And that’s it, that’s the story. As it is pretty much the same as the original myth, I will spend most of this review talking about style and narrative strategies. Don’t worry, it won’t be dry!

He smelt his fingers. A beetle was crawling on them. He breathed on it and let it crawl to the earth.

A blackbird sang. He turned his face to it and smiled, and sang quickly back in answer.

‘I found nothing,’ he said, ‘I thought I would have to kill myself.’

A sudden flock of pigeons swooped over our heads. He made a noise of feathers with his breath and tongue. He made more birdsong and more birds came. He made a sound of water and two salmon leapt.

‘Then I knew I had to come back here,’ he said.

He blew an echo of the breeze. And the breeze blew warm. The clouds were opening, preparing for an astounding dusk, and twin beams of brilliant light shone down through them onto the city.

‘I knew I’d have to start from here,’ he said. ‘Where it all started.’

All emphases mine to highlight the word repetition.

It’s kind of bad to have so much repetition in just one page. Sometimes, you can’t avoid having to use the same words. This is not the case here. Even worse is that you could just skip this page all together. This is the part after Elladyce died and Orpheus and Claire are looking for the entrance to Death/Hades. It should carry at least some form of suspense or drama, and as the reader has been battered to death with how whimsically magical Orpheus is, all that these descriptions mount up to is breaking the flow of the narrative. This happens throughout the entire novel, and I understand why: the author wanted to make it feel surreal, and flow like a dream. Unfortunately, in this case this came at the expense of an enjoyable read.

It’s a bit painful to read this novel. I like the original myth, and I love modern retellings of classic tales. The idea for this text was great, and having the story be told by an outsider (who is also totally in love with Elladyce) was very clever as it could shift the focus from Romeo and Juliet style lovey love love to a story about a different kind of loss. However, making Claire be in love with Elladyce means we have yet another YA love triangle – seriously, why couldn’t it just have been about friendship? Have we learnt nothing from Daria? – and the writing makes it really hard to get through this book at all. For some reason, for instance, everyone pretty much always refers to Elladyce by her full name. The dialogue in general is very stiff and unnatural. Here, for instance, you have two overbearing, heartbroken parents confronting Claire and her parents about the death of their beloved child:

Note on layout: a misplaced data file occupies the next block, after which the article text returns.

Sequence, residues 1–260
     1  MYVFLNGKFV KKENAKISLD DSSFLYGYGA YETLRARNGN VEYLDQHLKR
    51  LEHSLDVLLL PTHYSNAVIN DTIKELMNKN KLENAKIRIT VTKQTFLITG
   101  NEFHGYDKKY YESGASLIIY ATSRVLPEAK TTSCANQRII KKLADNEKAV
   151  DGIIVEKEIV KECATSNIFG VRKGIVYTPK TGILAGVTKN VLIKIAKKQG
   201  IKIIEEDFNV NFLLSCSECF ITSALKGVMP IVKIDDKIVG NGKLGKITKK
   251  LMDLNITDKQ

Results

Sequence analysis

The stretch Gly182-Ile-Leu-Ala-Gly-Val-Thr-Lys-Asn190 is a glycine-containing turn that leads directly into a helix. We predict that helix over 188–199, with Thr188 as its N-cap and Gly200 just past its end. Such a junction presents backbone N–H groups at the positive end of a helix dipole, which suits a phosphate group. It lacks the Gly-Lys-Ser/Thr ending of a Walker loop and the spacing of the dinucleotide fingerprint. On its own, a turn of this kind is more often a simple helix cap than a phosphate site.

‘Ha! And you,’ said Mr Grey, baring his teeth at me now. ‘What did you do to protect her? What did you do, oh best of friends?’

‘It was an accident,’ I answered. ‘It was a chance in a million. It was the snakes.’

‘It was no accident,’ said Mrs Grey. ‘It was not the snakes. It was you and you and you, and the rest of the stupid motley crew. You are the ones who caused the death of Ella Grey.’

The retelling strategies in this novel are also a bit confusing: choosing the name Orpheus for the same character from the myth makes it obvious what the story will be, but why change Euridyce to Ella? Or Hades to the too-vague Death? Calling Orpheus by that name makes it impossible to see him as a part of the modern setting, which is probably what the author went for. It also makes it impossible to see him as a part of Elladyce, no matter how much the author tries to paint her as something that is not a part of this world.

I feel sad about this book. The idea was so great, and it was clear that the author knew what he was doing. He just didn’t manage to pull it off.


As I said above, I struggled finishing this book. I found myself skipping sentences, paragraphs, almost even pages. To keep myself awake and going, I decided to match this novel to a tea that maybe superficially makes no sense – but bare with me here.

This story’s tone is fairytale-esque and dreamy – and confused. There’s a lot of talk about beaches, parties, divine music, young and obsessive love and heart breaking death. I would therefore recommend a tea which is also light, slightly floral, and elegant in tones. However, the only way I could keep going was through dissonance. I had to enjoy at least something from this experience, and the only way to do that was to enjoy the tea. Because of this, I decided on Yumchaa‘s Chilli Chilli Bang Bang. Described on their website as something to drink when “you need a superhero side kick” it seemed appropriate. It’s a wonderful infusion of cinnamon, ginger, red thistle, sweet red pepper corns, and a Rooibos base. The Rooibos does have that light and elegant nature to match the dreaminess, and the rest is very healthy for you. And to keep you awake, it’s got a slight punch of chilli!

A Song for Ella Grey Chilli Chilli Bang Bang